• The amount of chemicals reported in waste rock and tailings from TRI metal mines is estimated to be 516,446,723 kg, including various toxic chemicals considered to be carcinogens and reproductive or developmental toxins
  • The reported chemicals released in tailings and waste rock included:
    • 174,065,827 kg of lead and its compounds
    • 77,503,483 kg of arsenic and its compounds
    • 49,114,283 kg of copper and its compounds
    • 2,136,300 kg of nickel and its compounds
    • 1,664,647 kg of mercury and its compounds
    • 839,921 kg of cyanide compounds
    • 232,204 kg of cadmium and its compounds
    • 270 kg of polycyclic aromatic hydrocarbons

Canada’s Mining Sector and the NPRI

  • The National Pollutant Release Inventory (NPRI) is a publicly accessible inventory of pollutants released, disposed of and recycled by facilities in Canada
  • Certain industrial facilities are required to report to the NPRI under the Canadian Environmental Protection Act, 1999 (CEPA 1999)
  • Until 2006 there was an exemption from reporting for mining facilities which provided that pollutant releases and transfers from extraction or primary crushing did not need to be reported
  • In 2006, the Minister exercised discretion under section 46 of CEPA to remove the exemption from reporting pollutant releases and transfers from extraction or primary crushing previously enjoyed by mining facilities
  • Despite the exemption removal, subsequent actions by the Minister and his delegates have conflicted with the requirements relating to the reporting of releases and transfers to waste rock dumps and tailing impoundment areas from mining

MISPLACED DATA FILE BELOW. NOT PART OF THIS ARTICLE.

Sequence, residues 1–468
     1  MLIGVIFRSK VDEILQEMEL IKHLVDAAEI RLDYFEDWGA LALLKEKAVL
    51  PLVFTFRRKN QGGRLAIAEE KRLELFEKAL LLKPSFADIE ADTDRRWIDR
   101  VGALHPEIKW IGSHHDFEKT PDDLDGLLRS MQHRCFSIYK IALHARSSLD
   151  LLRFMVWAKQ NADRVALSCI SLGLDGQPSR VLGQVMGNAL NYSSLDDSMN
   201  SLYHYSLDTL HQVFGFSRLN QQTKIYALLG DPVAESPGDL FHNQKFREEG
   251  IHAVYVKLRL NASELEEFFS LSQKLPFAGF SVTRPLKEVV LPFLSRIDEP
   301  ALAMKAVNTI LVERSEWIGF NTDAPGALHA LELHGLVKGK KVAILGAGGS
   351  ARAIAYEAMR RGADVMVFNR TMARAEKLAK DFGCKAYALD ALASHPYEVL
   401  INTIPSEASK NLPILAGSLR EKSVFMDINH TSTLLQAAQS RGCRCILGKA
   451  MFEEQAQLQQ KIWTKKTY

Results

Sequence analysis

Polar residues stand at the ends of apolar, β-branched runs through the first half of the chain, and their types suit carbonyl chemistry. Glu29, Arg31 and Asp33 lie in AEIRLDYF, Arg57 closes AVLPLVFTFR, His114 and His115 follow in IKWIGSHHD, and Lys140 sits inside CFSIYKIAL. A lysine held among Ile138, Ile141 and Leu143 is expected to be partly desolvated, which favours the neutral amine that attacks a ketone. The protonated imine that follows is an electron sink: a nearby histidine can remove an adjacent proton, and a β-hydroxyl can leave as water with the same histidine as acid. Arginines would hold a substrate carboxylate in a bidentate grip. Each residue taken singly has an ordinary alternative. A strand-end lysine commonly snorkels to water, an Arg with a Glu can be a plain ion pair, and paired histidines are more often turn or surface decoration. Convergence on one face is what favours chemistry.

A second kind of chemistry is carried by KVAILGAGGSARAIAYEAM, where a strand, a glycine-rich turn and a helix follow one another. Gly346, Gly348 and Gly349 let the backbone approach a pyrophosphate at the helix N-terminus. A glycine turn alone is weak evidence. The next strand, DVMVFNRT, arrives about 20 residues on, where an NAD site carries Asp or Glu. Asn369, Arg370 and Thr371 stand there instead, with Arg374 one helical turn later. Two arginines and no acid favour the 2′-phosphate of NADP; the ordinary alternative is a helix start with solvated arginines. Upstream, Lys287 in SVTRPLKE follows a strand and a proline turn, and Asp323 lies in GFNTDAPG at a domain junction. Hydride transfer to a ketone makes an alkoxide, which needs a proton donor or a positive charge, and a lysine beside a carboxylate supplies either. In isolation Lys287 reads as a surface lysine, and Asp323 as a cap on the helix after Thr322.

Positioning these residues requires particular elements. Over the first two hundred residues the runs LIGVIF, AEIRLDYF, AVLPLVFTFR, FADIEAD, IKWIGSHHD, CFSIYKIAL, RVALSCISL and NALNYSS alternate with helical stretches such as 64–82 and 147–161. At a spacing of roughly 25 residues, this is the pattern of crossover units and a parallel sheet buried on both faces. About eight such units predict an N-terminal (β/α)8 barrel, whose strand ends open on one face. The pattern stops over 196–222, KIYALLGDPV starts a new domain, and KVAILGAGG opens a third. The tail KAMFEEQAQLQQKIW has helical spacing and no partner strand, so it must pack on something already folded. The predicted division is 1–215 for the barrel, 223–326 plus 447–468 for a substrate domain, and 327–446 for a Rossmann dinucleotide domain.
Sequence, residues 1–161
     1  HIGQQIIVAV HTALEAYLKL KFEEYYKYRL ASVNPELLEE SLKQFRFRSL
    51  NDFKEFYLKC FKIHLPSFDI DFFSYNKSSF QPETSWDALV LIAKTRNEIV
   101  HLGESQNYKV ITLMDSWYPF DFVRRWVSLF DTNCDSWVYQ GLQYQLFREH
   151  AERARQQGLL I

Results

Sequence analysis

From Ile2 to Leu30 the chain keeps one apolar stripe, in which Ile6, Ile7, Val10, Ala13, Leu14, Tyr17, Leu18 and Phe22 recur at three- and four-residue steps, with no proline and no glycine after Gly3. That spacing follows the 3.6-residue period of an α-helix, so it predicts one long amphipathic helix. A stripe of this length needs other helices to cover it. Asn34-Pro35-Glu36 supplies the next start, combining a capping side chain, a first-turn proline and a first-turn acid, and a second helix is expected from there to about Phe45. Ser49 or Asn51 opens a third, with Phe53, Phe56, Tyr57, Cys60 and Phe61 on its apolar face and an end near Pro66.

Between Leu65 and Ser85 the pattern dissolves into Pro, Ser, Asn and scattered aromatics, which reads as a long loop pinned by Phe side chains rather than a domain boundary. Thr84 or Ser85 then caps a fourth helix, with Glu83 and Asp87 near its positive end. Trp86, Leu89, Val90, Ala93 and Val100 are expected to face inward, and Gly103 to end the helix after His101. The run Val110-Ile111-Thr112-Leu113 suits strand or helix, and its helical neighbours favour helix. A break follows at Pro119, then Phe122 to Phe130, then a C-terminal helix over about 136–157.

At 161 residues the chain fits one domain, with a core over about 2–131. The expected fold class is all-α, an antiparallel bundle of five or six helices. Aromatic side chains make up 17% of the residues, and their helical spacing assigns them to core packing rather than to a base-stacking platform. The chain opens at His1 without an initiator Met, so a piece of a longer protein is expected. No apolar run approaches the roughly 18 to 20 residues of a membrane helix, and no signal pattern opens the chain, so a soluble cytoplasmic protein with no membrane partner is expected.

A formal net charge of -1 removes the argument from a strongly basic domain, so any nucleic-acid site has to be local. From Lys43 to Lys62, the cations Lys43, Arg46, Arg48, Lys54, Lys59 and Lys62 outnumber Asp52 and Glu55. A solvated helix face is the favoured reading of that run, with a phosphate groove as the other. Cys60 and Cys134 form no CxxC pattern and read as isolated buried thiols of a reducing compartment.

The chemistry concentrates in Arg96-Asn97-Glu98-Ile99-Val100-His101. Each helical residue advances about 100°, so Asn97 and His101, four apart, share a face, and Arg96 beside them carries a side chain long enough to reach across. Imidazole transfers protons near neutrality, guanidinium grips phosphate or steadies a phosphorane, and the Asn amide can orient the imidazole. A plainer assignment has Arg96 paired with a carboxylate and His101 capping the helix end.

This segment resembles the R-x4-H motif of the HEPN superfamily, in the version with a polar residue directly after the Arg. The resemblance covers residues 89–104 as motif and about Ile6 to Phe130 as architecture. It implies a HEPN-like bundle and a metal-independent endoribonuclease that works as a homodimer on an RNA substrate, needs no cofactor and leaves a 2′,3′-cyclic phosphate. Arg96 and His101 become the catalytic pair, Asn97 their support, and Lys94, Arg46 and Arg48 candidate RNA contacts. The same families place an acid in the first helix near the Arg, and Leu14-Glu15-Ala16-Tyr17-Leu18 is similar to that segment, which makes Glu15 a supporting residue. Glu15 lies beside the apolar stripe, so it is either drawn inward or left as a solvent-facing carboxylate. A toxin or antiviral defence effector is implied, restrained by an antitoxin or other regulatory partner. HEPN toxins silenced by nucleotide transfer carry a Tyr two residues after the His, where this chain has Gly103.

• In particular, after the Minister exercised jurisdiction to remove the exemption for mining facilities, Environment Canada officials made numerous representations and communications to mining facilities advising that mining facilities would not be required to report releases or transfers of substances of concern to tailings areas and waste rock areas for 2006
  • Analysis of NPRI data indicates that mining facilities have so far failed to report releases and transfers of substances of concern to tailings areas and waste rock areas for 2006 as they are legally required to do

The lawsuit

  • The lawsuit is an Application for Judicial Review filed in Federal Court by Ecojustice (formerly Sierra Legal) on behalf of MiningWatch Canada and Great Lakes United
  • The application alleges that the Minister of the Environment has been making representations to and communicating with mining facilities in relation to the reporting of releases or transfers of pollutants to tailings impoundment and waste rock disposal areas in a manner that conflicts with the Minister’s exercise of discretion under sections 46 and 47 of the Canadian Environmental Protection Act, 1999, R.S.C. 1999, c. C-33 (CEPA)
  • The application alleges that the Minister of the Environment has been acting, and continues to act, without jurisdiction or beyond his jurisdiction; has erred in law; and is acting contrary to law within the meaning of section 18.1 of the Federal Courts Act
  • The lawsuit seeks a declaration from the court that the Minister has abused his discretion by communicating to mining facilities in a manner that permits them to violate CEPA, and a mandamus order directing the Minister to publish the NPRI data for mining facilities for the 2006 reporting year

The groups

  • Ecojustice (formerly Sierra Legal Defence Fund) is Canada’s largest non-profit environmental law organization, dedicated to defending the right of Canadians to a healthy environment (
  • Great Lakes United is a twenty-five year old bi-national environmental group dedicated to leading efforts to protect and restore the Great Lakes and St. Lawrence River (
  • MiningWatch Canada is a national non-profit coalition of organizations from across Canada with a mandate to support communities affected by mining (